New York City FC lands speedy striker Khiry Shelton

By Mike Woitalla

In fifth grade, Khiry Shelton wrote a letter to his parents, Mike and Jennifer.

“He thanked us for all we’re doing for him and promised that he’d take care of us when he becomes a professional soccer player,” said Mike, before chuckling along with Jennifer (“We’re doing fine”) at the notion that they need taking care of.

On Thursday, the MLS SuperDraft started as predicted with Orlando picking Canadian international Cyle Larin. Shelton’s name was called when New York City FC made him the second pick -- the club’s first ever draftee.

“It was always more ‘when’ he would become a ‘pro,’ not ‘if,’” said Mike, whose U.S. Army service had taken the family to Germany, where Khiry first became enchanted with soccer.

“My mom played high school soccer [in New Mexico],” said Khiry. “She started kicking the ball with me when I was 3.”

They signed him up for recreational soccer at age 4 on the Army base but were soon told by the coach that he should join a team in the local German community. He played German soccer for three years before they returned home.

Shelton continued playing and following soccer in Colorado. The players he admired: Brian McBride, Clint Dempsey and Landon Donovan.

When he wasn’t with his team, he practiced on his own.

“I’d go in the street and kick the ball against the curb, and control it when it bounced back high,” he said.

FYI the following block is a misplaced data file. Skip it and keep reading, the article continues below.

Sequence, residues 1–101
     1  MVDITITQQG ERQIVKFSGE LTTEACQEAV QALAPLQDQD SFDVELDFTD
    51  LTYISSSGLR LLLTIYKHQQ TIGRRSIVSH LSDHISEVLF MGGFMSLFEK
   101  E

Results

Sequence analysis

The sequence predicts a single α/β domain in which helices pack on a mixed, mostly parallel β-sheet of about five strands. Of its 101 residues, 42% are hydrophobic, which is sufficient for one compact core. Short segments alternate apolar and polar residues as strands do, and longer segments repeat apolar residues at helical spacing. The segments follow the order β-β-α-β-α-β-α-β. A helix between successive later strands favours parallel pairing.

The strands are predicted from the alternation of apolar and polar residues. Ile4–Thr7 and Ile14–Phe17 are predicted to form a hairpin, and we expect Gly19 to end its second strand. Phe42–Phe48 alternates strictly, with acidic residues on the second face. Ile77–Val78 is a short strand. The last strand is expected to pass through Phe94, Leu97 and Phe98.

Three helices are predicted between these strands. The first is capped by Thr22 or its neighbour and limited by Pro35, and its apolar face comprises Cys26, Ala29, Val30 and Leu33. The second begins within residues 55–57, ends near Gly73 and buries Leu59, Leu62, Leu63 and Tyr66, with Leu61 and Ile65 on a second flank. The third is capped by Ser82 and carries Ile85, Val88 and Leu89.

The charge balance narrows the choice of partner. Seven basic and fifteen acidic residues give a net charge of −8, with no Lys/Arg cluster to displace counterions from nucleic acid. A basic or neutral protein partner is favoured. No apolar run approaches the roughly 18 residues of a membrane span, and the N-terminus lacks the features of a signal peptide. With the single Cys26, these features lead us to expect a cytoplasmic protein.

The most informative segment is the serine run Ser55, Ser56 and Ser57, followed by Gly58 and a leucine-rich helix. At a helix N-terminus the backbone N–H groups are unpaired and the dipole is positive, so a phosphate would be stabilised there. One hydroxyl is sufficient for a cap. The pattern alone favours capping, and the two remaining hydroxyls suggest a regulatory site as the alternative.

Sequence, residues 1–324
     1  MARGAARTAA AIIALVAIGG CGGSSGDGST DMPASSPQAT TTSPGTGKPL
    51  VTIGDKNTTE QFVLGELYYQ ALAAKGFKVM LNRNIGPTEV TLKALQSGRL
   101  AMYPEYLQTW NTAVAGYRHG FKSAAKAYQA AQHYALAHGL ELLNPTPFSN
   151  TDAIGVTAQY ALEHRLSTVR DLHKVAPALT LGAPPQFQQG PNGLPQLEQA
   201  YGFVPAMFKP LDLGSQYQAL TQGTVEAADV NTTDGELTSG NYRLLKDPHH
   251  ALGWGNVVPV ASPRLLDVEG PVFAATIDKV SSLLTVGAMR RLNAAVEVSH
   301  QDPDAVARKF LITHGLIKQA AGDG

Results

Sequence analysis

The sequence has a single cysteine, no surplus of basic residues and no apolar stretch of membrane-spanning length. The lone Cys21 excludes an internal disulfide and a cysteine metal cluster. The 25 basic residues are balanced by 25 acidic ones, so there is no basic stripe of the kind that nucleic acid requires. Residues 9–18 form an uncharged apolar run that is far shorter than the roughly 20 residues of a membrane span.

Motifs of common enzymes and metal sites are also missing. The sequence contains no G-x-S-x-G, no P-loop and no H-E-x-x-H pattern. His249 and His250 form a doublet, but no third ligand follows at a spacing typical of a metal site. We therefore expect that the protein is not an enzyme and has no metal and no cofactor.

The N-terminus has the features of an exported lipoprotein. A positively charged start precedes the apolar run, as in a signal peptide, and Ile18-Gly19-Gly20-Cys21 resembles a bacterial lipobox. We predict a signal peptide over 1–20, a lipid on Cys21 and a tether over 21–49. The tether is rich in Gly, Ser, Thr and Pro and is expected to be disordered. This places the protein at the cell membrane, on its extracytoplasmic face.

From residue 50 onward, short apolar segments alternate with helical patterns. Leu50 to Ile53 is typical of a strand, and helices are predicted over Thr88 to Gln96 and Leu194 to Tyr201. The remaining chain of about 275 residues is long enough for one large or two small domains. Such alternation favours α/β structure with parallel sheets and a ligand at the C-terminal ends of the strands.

At 14, the family moved to south Texas, where Mike works for the U.S. Postal Service and Jennifer as a H.R. professional for selective cooperatives. Khiry hooked up with Lonestar SC’s U.S. Development Academy, thrived under coaches Sean Bubb, Bruce Talbot and Bobby Murphy, and was spotted by Oregon State coach Steve Simmons during his junior year of high school.

"He hadn’t really filled out physically, but he was on his way.” said Simmons. "There was stuff there I just can’t coach. He’s the only player I ever coached who’s slow-twitch and fast-twitch. He can run at high speed for a long time. His soccer sense is fantastic. Technique is excellent.”

Now 6-foot-3, 185-pound, Shelton struggled with injuries, which Simmons attributes to his late growth spurts, during his first three season with the Beavers, limiting him to 31 games.

“I give him credit for sticking with it,” Simmons said. “He worked like a dog this offseason and this year he took over. I think he was the only NCAA Division 1 double-double player [10 goals, 12 assists]. He put the program on his back.”

The 21-year-old Shelton, Player of the Year in the powerful Pac-12, had the fastest time in the 30-meter dash (3.81 seconds) at the combine. He follows fellow Oregon State products Ryan Johnson, Robbie Findley and Danny Mwanga -- all also forwards -- into MLS.

“What the guys who moved on to MLS tell me is the big challenge is adjusting to the higher speed of play and from a three-month season to the marathon 10-month season," said Simmons. “For as good as he is, Khiry is incredibly humble, which is why I believe he’s going to make it.”

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